Mirths of Les Sanitaires

Whereas the French language, with Velo Tout Terrain, has a much more appropriate phrase for Mountain Bike, it simply doesn’t get it with moths, or “mirths”, as inspector Jacques Clousteau would have it. There are many day flying moths so papillon de nuit seems most inappropriate.

I have long found the sanitary blocks on French campsites a good source of insect material, particularly moths – the lights attract them and most of these probably really are papillons de nuit. So far I have managed to escape arrest for hanging around the toilets toting a camera armed with a 300mm lens, though I have received some quizzical looks.

At Fanjeaux, I’ve had quite a haul of customers in and around les sanitaires. Since I don’t have a field guide for moths of the area (and I’m rubbish at moth identification even with one), I’m not certain what most of these are so take names with a large pinch of salt. I pass some through an app, Obsidentify, which is very decent chez nous  but it really doesn’t stretch to French species, unless they happen to also exist in the UK.

Moth (1 of 9)Moth (2 of 9)One of the more frequent visitors, however, I do know – or at least, I think I do. This is a huge moth about the size and shape of a Vulcan bomber. I believe this is a French Red Underwing (Catocala elocata). There is a (regular) Red Underwing (Catocala nupta)  which is very similar, though. The first image might leave one bemused but the second, against a window and with its wings slightly spread, gives the game away.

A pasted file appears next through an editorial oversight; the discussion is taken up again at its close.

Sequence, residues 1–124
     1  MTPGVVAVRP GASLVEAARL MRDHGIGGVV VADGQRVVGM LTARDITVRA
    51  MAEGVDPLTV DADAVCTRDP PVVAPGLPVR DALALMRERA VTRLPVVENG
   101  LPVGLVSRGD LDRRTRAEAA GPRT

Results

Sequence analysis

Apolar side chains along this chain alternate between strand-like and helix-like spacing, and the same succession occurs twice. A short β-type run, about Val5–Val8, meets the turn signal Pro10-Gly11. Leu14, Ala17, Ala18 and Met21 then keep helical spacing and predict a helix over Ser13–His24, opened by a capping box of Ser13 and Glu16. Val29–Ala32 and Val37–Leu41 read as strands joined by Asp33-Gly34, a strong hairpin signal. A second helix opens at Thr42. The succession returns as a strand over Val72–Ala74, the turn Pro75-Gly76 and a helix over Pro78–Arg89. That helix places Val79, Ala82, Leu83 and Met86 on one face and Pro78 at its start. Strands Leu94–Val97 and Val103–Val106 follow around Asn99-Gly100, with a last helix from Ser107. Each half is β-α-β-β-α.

Moth - Lydd Beauty (Peribatodes ilicaria)Then we have a little delight which has apparently turned up in the UK as a rare migrant, originally in Lydd, hence it’s English common name of Lydd Beauty (Peribatodes ilicaria). This is the same naming convention as used for a butterfly we call the Camberwell Beauty (Nymphaplis antiopa).

Moth - Common Carpet (Epirrhoe alternata)This next one is not new to me and certainly does occur in the UK; it’s the Common Carpet (Epirrhoe alternata).

Moth - Small Dusty Wave (Idaea seriata)Lightening things up from the large amounts of dark grey is what I believe is the Small Dusty Wave (Idaea seriata).

Moth - Straw Belle (Aspitates gilvaria)Moth - Perigune narboneaBack to the delta wing formation, I found a couple more which I think are the Straw Belle (Aspitates gilvaria) on the left, which occurs at home, and one with apparently no common name, Perigune narbonea, on the right, which does not occur at home.

Moth - Armyworm Moth (Mythimna unipuncta)Posing particularly badly is what I believe is one of the curiously named Armyworm Moth (Mythimna unipuncta), due to the invasive nature of their larval stage.

Moth (5 of 9)Finally, rounding things off is one character that I have absolutely no clue about, so I’ll have to try to investigate once back at home.

At least I still haven’t been arrested.

Posted in 2023-09 France